Rachmaninov – The Symphonies: Concert 3

Rachmaninov The Symphonies Concert 3 ASO 2024Adelaide Symphony Orchestra. Adelaide Town Hall. 29 Jun 2024


In 2023 the Adelaide Symphony Orchestra presented Rachmaninov’s three piano concertos in a special series of concerts. They were outstanding. This year, the ASO has presented another special series, and this time Rachmaninov’s three symphonies have been featured. The third and final concert was tonight, and maestro Andrew Litton went out on a high note but perhaps a little bit wearied. He threw everything he had at the series, and tonight’s concert was especially challenging, in both a physical and a musical sense.


The program included Aaron Copland’s ballet suite Appalachian Spring, Samuel Barber’s Concerto for Violin, Op.14, and Sergei Rachmaninov’s Symphony No.3 in A minor, Op.44. Each of these compositions is plucky and insatiable in the demands it places on the musicians (as well as the conductor). Backs were arched and strained smiles appeared on faces as the ASO accounted for itself exceedingly well across the breadth and depth of the program, and, in the final exultant moments of the symphony, Litton was literally leaping into the air driving the orchestra relentlessly to the climax. It was exhilarating!


Litton must have felt at home with the program, for it had an all-American flavour to it, even Rachmaninov’s symphony, with the composer’s pathway to becoming an American citizen well on the way. There are even hints of Tennessee Ernie Ford’s song Shenandoah in the first movement (at least according to this reviewer!).


Copland wrote Appalachian Spring suite for the dancer/choreographer Martha Graham and her company. It is driven and cheerful and remains one of his most popular works. Litton carefully managed the phrasing and rhythms throughout and the woodwinds (particularly the clarinet) and brass were especially fine.


Emily Sun performed Barber’s violin concerto with great style, apparent ease, and great respect for its lyricism. In three movements, the real appeal lies in the andante second movement with its long orchestral introduction, early oboe solo performed beautifully by principal oboe Joshua Oates, followed by melodic surge after surge from Sun. On occasion the melodic material from the solo violin ends with dissonance, but Sun made it sound particularly sweet. The final movement is a musical roller coaster, with a plethora of technical difficulties for the violin to manage. Sun performed the requisite spiccato without fuss, and at great speed, and her thunderous applause at the conclusion of the concerto was well deserved.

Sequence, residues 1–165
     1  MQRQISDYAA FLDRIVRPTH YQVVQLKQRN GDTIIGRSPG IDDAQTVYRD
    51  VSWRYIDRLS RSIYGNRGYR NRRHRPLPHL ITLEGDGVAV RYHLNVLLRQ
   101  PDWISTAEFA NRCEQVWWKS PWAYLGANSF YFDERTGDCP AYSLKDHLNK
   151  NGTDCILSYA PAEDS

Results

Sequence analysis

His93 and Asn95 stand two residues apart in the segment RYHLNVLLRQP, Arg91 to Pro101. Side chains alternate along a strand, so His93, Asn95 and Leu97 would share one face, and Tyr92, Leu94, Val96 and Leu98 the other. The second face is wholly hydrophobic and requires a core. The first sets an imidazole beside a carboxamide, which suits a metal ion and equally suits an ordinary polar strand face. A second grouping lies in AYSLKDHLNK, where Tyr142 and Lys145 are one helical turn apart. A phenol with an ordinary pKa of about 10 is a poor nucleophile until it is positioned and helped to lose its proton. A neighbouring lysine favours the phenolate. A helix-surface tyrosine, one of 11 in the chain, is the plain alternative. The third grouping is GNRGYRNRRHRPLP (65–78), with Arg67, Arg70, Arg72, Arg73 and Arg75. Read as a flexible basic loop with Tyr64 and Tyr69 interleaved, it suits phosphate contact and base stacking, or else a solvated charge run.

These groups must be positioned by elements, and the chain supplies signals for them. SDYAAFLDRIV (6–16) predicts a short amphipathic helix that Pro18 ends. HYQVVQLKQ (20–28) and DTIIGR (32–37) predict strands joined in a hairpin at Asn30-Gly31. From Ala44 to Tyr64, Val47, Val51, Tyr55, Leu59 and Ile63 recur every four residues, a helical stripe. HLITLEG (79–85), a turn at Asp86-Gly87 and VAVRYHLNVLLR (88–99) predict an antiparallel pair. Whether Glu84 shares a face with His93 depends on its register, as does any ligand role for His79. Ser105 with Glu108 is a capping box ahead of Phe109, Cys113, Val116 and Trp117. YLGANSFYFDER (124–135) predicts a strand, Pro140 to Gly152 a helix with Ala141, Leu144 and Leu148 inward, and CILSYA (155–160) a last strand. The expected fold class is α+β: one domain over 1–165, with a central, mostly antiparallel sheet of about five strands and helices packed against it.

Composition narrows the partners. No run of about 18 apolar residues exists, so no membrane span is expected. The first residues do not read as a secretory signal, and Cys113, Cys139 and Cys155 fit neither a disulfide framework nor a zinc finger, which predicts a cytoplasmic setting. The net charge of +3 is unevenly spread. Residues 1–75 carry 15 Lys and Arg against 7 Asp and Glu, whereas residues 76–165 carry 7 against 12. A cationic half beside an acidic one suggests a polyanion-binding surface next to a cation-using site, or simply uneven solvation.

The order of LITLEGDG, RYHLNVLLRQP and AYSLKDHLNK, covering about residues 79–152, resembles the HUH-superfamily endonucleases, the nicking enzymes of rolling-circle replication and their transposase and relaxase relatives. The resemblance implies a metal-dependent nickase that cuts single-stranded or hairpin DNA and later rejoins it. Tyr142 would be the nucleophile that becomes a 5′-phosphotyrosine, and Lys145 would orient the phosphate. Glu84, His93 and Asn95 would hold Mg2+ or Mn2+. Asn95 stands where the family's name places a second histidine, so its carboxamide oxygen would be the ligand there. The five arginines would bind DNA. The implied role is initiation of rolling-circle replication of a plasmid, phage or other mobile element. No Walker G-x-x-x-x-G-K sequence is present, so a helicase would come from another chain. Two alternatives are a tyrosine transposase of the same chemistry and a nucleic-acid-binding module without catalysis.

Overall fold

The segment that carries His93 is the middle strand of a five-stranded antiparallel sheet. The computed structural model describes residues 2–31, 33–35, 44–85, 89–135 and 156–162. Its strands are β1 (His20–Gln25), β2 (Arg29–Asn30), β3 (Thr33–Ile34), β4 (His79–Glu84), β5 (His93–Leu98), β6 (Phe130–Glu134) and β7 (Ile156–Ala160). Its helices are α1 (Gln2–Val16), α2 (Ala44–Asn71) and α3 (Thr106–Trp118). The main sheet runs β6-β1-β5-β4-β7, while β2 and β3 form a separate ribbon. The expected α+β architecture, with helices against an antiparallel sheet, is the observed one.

Rachmaninov’s third symphony is scored for a large orchestra, including celesta and harp, and the Town Hall stage was brim full to almost overflowing. A truly impressive sight! Like the Barber violin concerto, the symphony is also compellingly energetic and borders on being relentless. It is also ripe with melody and evokes rural and diverse sweeping landscapes with its changing rhythms. Litton established bold tempo and dynamic schemas from the outset, which ensured that the melodic material sounded fresh and never over-emotional. Principal horn Adrian Uren was at the top of his game and essayed the opening phrases of the first and second movement with a beautiful tone.


At the conclusion of the concert, Litton allowed the entire orchestra to receive individual accolades section by section from the large audience. Perhaps the orchestra’s greatest accolade came from Litton himself, and it was well deserved.


Kym Clayton


When: 29 Jun

Where: Adelaide Town Hall

Bookings: Closed